PROJECTOR LAMPS are installed in indoor and outdoor display lighting fixtures. They use a self- contained reflector but have an advantage over the reflector type since they are suitable for extreme temperature conditions and provide more accurate light control.
HEAT AND DRYING LAMPS, available with built-in reflectors or with separate reflectors, are an inexpensive answer to a requirement for instantaneous infrared energy. The reflector bulb keeps the initial cost to a minimum and provides a new reflecting surface with each new lamp.
HARD-GLASS LAMPS, made of special glass with high resistance to thermal shock, are effective where rain, splashing liquids, insects, snow, fixture parts, or hot metallic spray may touch the glass bulbs.
VIBRATION SERVICE LAMPS are available that withstand excessive vibration that cannot be eliminated by flexible fixture mounting.
Where the lamp will be subjected to shock, such as at the end of a drop cord or near machinery, you will want to select ROUGH SERVICE LAMPS. With filament supports, these lamps can withstand severe shocks without failure.
High-cost replacement areas, such as towers, industrial high bays, theater marquees, halls, and stairwells, are lighted with LONG-LIFE LAMPS.
QUARTZ-IODINE LAMPS offer a concentrated source of incandescent light with excellent light control characteristics, good color, and a life twice that of regular general service incandescent lamps. They depreciate at a lower rate than the general service lamp. The lamp cost is considerably higher, however, than a general service lamp, and a special fixture is required.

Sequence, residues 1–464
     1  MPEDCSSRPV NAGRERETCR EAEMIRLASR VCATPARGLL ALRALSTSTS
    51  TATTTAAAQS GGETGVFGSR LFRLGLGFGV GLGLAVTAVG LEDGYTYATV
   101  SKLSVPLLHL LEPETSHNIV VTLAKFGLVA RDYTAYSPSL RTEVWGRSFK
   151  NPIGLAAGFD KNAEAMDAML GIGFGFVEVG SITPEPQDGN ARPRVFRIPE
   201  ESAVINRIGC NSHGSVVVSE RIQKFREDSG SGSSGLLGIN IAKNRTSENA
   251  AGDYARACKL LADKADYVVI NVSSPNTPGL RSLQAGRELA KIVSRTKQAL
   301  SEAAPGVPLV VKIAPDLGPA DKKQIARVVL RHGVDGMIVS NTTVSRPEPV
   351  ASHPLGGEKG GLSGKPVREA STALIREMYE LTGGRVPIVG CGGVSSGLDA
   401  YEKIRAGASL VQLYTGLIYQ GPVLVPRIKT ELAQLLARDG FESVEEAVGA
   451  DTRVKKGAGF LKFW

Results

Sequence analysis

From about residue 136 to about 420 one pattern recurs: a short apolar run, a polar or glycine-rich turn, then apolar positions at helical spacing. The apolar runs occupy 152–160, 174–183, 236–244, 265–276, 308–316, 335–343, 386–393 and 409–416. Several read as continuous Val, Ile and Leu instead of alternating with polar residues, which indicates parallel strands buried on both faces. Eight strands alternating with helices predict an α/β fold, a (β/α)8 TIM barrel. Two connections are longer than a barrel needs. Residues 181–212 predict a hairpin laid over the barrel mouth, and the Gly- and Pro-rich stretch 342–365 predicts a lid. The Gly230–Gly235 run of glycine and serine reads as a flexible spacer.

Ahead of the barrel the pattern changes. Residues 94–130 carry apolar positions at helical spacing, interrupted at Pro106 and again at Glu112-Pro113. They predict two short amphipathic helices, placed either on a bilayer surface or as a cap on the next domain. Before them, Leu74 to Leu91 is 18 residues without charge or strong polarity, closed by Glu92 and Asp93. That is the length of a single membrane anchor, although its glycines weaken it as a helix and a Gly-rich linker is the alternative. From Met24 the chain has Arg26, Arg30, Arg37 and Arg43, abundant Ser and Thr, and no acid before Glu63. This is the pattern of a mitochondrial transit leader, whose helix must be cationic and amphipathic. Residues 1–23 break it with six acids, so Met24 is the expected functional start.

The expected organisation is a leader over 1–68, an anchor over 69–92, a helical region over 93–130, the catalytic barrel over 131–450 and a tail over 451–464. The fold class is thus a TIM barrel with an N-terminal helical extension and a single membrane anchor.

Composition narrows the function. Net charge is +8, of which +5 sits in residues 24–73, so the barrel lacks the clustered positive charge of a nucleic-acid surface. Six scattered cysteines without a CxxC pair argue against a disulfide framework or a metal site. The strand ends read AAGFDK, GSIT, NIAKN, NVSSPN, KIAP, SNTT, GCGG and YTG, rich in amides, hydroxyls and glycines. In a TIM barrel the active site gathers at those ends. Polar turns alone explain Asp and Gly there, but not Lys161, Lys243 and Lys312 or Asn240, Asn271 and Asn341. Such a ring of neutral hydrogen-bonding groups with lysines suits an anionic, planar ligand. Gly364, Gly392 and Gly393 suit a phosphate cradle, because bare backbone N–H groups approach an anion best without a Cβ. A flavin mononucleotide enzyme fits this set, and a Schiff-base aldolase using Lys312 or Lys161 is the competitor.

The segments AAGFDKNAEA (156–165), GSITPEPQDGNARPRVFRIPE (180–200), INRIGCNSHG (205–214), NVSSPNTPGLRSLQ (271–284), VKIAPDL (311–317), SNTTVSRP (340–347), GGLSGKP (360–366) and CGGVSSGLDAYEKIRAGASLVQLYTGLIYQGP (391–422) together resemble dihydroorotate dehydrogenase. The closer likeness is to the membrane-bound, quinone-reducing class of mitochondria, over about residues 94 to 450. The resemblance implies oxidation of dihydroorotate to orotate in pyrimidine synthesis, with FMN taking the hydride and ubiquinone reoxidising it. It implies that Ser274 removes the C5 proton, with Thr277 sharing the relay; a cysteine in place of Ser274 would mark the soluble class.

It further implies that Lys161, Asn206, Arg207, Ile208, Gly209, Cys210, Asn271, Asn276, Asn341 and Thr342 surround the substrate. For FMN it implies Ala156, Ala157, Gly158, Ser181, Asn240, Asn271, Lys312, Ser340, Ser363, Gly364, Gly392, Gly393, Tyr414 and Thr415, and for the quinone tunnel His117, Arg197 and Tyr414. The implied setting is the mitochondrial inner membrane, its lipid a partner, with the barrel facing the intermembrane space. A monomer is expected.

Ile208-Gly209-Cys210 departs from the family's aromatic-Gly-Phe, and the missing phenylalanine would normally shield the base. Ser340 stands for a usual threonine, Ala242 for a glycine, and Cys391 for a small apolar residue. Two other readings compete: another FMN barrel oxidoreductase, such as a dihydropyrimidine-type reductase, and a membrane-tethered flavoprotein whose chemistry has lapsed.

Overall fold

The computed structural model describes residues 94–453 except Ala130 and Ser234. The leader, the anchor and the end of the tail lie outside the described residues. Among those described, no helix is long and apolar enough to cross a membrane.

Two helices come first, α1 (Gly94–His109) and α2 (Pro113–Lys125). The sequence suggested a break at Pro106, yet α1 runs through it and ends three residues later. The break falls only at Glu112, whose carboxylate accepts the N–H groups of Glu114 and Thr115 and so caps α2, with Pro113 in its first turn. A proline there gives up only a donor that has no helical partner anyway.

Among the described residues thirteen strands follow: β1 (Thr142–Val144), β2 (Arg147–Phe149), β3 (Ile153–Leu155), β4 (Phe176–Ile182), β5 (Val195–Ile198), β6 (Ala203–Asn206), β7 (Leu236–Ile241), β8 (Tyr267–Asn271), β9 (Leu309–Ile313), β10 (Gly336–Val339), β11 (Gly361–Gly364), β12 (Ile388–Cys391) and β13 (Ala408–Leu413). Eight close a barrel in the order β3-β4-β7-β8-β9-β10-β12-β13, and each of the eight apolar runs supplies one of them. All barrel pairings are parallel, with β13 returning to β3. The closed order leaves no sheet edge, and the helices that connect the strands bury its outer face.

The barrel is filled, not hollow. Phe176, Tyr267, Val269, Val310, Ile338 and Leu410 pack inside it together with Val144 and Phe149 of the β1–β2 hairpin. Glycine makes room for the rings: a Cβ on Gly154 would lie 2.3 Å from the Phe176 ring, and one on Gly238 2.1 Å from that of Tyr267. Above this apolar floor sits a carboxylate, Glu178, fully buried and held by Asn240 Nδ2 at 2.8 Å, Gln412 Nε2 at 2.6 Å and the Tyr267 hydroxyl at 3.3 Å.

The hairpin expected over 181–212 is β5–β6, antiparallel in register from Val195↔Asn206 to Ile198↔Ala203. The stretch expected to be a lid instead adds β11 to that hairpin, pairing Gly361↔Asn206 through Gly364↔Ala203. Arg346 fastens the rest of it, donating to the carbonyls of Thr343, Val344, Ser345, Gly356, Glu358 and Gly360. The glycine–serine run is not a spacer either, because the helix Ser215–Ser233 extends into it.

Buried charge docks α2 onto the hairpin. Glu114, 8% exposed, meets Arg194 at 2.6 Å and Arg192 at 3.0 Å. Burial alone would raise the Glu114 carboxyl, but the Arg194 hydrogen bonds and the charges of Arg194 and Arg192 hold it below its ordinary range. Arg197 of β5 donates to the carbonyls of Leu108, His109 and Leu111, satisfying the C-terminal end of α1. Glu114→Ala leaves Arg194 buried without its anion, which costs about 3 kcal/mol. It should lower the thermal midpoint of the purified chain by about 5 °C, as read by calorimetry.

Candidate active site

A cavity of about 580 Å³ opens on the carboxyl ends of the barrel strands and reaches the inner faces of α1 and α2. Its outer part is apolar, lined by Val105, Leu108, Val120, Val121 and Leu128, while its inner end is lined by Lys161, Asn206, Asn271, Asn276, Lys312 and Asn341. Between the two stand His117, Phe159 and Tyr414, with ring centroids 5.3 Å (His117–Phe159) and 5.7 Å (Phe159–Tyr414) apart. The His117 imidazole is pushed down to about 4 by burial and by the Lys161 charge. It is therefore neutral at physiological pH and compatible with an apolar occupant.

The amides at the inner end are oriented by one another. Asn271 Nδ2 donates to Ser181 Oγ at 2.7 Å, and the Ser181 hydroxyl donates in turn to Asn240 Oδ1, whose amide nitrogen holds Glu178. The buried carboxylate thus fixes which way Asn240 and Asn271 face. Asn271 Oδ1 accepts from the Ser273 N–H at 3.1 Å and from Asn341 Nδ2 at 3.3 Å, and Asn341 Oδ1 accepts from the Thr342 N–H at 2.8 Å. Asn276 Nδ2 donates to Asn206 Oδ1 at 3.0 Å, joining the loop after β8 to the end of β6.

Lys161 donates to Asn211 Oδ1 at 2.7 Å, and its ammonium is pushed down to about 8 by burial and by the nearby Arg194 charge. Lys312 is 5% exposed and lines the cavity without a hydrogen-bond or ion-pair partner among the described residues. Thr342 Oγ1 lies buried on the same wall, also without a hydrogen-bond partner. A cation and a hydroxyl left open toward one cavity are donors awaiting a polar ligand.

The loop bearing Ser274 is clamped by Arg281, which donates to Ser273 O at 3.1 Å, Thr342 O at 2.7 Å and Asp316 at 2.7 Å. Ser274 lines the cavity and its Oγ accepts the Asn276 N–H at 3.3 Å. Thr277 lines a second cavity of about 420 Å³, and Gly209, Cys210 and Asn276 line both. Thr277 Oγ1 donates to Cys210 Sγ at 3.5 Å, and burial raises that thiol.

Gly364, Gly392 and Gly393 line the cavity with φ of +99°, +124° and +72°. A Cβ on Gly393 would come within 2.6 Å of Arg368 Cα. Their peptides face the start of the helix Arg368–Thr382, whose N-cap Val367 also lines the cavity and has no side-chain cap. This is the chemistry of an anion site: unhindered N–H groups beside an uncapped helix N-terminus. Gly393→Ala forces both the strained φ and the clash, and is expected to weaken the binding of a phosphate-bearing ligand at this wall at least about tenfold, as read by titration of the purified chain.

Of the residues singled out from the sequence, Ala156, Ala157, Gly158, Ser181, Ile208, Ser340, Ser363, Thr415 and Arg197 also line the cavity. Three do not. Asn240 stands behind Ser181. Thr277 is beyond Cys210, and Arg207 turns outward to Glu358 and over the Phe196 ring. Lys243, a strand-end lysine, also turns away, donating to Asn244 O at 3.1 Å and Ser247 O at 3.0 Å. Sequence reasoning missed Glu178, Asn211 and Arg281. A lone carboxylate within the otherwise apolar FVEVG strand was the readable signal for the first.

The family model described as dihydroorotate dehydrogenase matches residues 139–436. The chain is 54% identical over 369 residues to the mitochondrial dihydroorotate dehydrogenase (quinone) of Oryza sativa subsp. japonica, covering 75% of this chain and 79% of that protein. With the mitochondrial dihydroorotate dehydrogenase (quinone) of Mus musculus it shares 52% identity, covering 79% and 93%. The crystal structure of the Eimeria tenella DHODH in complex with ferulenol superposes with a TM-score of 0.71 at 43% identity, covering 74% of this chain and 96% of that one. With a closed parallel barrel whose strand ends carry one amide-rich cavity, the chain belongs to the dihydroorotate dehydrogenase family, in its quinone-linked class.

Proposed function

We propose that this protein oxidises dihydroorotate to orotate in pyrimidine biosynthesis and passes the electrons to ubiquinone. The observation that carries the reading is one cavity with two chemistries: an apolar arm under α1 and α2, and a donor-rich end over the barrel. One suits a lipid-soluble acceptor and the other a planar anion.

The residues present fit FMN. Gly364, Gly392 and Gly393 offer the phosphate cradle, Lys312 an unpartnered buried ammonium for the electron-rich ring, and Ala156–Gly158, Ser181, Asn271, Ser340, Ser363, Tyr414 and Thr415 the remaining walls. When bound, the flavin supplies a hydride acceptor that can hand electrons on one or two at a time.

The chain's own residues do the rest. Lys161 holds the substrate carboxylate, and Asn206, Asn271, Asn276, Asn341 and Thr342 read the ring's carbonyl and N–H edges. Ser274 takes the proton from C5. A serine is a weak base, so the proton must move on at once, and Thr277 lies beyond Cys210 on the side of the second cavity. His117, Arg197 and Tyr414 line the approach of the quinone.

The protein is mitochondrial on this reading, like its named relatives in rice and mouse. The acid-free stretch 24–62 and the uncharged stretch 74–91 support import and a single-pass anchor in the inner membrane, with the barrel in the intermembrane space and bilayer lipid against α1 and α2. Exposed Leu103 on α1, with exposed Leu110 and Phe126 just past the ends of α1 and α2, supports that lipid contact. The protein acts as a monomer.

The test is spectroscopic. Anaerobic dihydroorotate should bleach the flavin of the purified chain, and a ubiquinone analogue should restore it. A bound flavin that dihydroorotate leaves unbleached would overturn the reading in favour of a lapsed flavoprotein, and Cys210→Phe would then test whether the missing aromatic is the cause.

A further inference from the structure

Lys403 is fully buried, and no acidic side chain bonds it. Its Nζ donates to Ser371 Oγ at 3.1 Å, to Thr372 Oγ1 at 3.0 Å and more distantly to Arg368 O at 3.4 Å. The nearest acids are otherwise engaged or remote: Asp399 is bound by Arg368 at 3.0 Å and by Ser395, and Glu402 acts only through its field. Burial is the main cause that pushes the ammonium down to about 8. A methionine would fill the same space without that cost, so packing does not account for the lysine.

There are two principal types of fluorescent lamps: instant-start and rapid-start preheat lamps. Both have practically the same physical dimensions but different internal construction. The type of circuit in which the lamp should be used is etched on the end of the lamp. The rapid-start preheat lamp operates satisfactorily with either the preheat or rapid-start circuits. It has a short lamp life in an instant-start circuit. The instant-start lamp operates satisfactorily with an instant-start ballast, burns out the ballast in a rapid-start circuit, and does not light in a preheat circuit. Preheat lamps dominated the field for many years but are no longer considered a major type. They continue to be in use, however, particularly in fixtures using lamps smaller than 40 watts.
Examples of circuits for the major types are readily found in current manufacturers' publications. Example of some circuits are shown in figure 5-76. The 4-foot rapid-start lamp is the preferred lamp for most applications.
Figure 5-76. - Representative fluorescent circuits.Continue Reading